“Mitzi McCoy” was designed to have plot lines that could be carried by any of its main characters — Mitzi, Stub Goodman or Tim Graham. In this case, Tim grabs the spotlight, as he is the only regular character appearing in a string of four episodes. “Mitzi” also promised lively adventure, romance and human interest, and with Tim leading the way, the action veers into violence for the first time since Stub Goodman bounced Phil Rathbone from the offices of the Freedom Clarion.
Another strategy “Mitzi”used was to create new characters that would reflect various demographics it was trying to reach as it tried to grow its audience. A previous sequence had brought aboard young Dick Dixon, and Lynn and Collins had discussed the possibility of adding a girl to the Bow and Arrow Bear Hunt chapter. It was decided that a later sequence would feature a schoolgirl, and last week’s comic introduced Mugs, a native boy defended by Tim.
Fortunately for Tim, his unlikely ally Mugs returns the favor… in spades. Mugs saves Tim once and after being warned away, the boy lingers long enough to save Tim yet again. Later, while setting up camp, stereotypes are shattered and his bond with Mugs is sealed.
Perhaps reminding readers of the reason he had come to the north woods in the first place, Tim puts on an exhibition of his archery skills for his young friend. The October 2, 1949 comic also features some clever survival skills employed by Mugs. This comic proved to be very popular with Kreigh’s test audience (sons Erik and David, ages eleven and nine). In the final panel, an attractive young native woman heralds the return of the comic’s usual eye appeal, as Mitzi and her father have been summoned to Roaring Fork.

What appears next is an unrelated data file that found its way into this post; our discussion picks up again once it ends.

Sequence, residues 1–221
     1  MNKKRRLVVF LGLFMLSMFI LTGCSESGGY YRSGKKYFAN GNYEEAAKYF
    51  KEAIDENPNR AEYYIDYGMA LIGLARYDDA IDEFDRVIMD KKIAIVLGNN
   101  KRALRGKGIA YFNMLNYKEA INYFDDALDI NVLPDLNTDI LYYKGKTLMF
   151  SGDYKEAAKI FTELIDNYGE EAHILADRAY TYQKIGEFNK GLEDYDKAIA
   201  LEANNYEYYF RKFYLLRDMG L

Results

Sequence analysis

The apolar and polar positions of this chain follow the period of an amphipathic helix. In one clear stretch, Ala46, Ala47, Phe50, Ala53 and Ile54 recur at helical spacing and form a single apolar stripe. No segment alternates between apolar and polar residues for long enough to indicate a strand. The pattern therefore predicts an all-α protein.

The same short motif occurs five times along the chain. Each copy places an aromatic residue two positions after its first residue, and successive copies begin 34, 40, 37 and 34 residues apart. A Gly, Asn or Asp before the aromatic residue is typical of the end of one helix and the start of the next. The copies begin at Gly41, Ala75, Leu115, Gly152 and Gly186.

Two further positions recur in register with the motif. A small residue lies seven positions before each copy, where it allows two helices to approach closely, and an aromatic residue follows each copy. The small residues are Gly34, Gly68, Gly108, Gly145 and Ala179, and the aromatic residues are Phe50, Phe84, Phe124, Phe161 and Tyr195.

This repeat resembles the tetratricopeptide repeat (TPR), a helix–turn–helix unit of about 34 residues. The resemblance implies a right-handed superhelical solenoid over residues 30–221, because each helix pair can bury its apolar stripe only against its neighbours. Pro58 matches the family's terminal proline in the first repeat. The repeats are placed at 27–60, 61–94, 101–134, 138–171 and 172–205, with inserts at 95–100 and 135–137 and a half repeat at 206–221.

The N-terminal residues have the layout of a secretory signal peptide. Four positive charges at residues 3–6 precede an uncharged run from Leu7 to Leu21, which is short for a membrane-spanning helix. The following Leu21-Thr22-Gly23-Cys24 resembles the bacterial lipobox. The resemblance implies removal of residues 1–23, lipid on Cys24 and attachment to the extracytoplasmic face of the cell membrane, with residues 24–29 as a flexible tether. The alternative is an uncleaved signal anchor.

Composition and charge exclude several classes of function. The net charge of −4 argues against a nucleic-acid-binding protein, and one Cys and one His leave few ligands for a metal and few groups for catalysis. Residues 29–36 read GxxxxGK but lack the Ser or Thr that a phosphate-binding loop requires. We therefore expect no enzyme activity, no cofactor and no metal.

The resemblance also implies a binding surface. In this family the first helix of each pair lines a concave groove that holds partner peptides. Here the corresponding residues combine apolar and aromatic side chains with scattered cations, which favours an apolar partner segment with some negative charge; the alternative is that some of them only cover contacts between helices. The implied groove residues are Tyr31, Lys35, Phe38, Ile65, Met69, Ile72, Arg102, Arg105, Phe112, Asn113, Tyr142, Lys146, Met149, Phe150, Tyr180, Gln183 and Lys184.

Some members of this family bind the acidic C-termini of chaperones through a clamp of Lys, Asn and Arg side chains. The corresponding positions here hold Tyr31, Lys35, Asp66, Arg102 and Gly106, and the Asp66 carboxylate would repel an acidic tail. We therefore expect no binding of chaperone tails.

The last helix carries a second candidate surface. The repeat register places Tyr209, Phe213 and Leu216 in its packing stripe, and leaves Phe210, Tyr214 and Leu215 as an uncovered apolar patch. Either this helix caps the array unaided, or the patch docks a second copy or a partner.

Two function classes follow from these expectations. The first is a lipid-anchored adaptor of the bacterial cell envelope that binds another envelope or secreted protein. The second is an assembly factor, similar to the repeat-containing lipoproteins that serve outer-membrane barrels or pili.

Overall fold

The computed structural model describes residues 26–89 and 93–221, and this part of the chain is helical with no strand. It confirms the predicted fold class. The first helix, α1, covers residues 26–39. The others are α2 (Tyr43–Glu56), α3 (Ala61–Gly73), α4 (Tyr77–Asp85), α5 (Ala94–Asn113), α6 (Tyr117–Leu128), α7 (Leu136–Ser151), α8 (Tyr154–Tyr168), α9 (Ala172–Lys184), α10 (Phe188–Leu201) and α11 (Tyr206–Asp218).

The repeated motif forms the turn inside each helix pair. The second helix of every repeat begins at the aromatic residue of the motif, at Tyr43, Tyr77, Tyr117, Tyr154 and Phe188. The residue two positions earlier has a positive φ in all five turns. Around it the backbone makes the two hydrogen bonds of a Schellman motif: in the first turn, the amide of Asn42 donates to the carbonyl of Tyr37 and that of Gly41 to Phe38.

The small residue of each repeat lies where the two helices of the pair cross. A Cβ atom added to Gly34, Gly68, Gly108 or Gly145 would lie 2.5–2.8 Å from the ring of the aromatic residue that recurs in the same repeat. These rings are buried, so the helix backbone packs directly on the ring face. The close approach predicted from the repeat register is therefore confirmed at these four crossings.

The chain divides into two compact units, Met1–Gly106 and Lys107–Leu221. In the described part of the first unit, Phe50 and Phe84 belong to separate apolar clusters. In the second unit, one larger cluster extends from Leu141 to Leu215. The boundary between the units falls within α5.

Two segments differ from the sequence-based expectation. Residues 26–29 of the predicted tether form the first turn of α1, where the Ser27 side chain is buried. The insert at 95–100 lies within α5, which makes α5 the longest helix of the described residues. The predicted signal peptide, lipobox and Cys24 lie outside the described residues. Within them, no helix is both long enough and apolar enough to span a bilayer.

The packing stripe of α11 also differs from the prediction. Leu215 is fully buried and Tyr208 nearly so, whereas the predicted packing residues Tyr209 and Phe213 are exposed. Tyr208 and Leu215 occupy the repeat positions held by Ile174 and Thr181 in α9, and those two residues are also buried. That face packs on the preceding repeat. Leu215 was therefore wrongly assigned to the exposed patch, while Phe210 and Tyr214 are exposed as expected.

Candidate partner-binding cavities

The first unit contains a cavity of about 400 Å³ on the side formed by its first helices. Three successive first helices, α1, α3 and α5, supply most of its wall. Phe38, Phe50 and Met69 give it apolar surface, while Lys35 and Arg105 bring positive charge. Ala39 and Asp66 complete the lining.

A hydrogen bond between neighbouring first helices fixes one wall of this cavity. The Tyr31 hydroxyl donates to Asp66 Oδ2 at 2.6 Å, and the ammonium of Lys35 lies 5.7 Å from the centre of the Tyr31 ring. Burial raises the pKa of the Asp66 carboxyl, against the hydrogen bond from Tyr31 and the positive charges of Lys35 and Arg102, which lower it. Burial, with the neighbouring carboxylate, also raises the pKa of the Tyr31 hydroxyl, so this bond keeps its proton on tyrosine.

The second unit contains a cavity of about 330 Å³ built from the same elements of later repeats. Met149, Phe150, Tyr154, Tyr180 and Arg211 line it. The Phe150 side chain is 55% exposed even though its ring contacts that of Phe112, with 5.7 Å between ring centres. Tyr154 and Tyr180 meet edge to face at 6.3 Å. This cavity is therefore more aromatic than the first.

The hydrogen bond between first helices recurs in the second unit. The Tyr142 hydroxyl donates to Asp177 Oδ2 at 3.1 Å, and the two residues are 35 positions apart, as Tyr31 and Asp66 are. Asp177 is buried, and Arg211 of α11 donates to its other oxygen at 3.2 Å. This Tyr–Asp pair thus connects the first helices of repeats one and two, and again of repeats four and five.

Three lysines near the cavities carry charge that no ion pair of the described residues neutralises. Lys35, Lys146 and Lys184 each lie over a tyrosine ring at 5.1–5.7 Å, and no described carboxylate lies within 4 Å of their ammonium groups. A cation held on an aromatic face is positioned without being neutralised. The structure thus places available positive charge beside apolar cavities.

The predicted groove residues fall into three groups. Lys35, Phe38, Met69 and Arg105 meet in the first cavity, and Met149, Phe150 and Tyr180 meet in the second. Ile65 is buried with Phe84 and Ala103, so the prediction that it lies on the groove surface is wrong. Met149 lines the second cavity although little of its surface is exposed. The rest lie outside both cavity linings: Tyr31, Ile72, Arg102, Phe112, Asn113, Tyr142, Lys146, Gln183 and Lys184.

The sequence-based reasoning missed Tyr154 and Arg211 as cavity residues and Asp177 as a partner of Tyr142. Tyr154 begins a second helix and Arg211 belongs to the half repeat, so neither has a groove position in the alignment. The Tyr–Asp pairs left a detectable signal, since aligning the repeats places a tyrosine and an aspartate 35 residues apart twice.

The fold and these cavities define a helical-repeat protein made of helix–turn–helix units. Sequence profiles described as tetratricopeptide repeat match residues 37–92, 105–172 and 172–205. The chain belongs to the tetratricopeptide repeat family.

Working with his usual three-month lead time, Kreigh Collins sent his initial story outline to NEA features director Ernest Lynn in mid-May. By this time, after having worked so closely over the past year, the two men had become good friends. Having heard that Ernest’s wife was sick, Kreigh’s wife Teddy had sent her a pair of gloves. By now, Ernest used his nickname, “East,” to sign his letters to Collins.
“Mitzi McCoy”’s sixth sequence was timed to conclude during hunting season, in a bid for more traction with readers. It followed a very successful chapter on the history of the Irish Wolfhound, and wanting to keep his momentum, Kreigh led off with his most alluring illustration of Mitzi to date. Smiling broadly and showing more leg than would fit in the double-decker panel, Mitzi was ready for her close-up.
The August 28, 1949 offering is a pretty typical transitional comic, in that it’s light-hearted, humorous fare. True to his name, Stub Goodman stubbornly insists he knows all about archery — and of course he finds trouble.
In the following comic, Tim gets a chance to show off his skills; no doubt these will come in handy soon enough. Mr. McCoy proposes a bet and the stage is set for a change of scenery, including some new, rough-looking characters.
There are also some other, more attractive characters shown, such as the “squaw” suggested by Lynn who is seen in the third panel. But where there is beauty, there is often ugliness, and Tim’s good intentions have placed him in danger.
Most of my Kreigh Collins-related comics and clippings were given to me by my uncle Kevin, one of Kreigh’s four sons. One of the more interesting items I received appears above. It ran in the Grand Rapids Press in May, 1966. I have seen no other mention of this project. Perhaps it was an attempt to clear Collins’s path for doing a new comic. The final installment of “Kevin the Bold” ran a couple years later, on October 27, 1968, and the comic morphed into “Up Anchor.”
In this last part of the Moorish Pirates sequence, Kevin is determined to go down swinging, and he waits for the proper moment to make his move.
It’s a life and death situation on deck and overboard. Captain Zinbad is dispatched, but Bull Blackie’s life is spared. According to his code of honor, Kevin’s primary responsibility is to save those in danger. It’s unclear how the traitorous Bull Blackie escaped, and it seems he may have been spared in order to appear in future episodes of the comic.
Meanwhile, Rory took care of business aboard the pirate ship and cleared the decks of her crew. Moya’s grateful countrymen are freed as Kevin remains humble. As a reward for his bravery, the lord of McCoy Castle presents Kevin with both an impressive trophy and a catchy moniker.